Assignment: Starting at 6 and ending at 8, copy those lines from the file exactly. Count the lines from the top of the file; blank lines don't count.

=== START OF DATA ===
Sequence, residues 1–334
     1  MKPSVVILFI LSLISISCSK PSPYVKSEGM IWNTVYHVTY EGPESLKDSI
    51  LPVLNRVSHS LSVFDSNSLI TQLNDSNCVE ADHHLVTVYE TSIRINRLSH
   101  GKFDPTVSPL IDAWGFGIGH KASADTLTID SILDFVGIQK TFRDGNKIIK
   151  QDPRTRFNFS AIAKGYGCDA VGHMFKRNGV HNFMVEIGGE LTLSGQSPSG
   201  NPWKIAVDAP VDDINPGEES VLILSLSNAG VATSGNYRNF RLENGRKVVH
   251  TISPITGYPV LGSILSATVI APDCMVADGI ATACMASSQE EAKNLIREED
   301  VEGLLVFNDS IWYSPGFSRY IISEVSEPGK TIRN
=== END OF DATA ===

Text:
   201  NPWKIAVDAP VDDINPGEES VLILSLSNAG VATSGNYRNF RLENGRKVVH
   251  TISPITGYPV LGSILSATVI APDCMVADGI ATACMASSQE EAKNLIREED
   301  VEGLLVFNDS IWYSPGFSRY IISEVSEPGK TIRN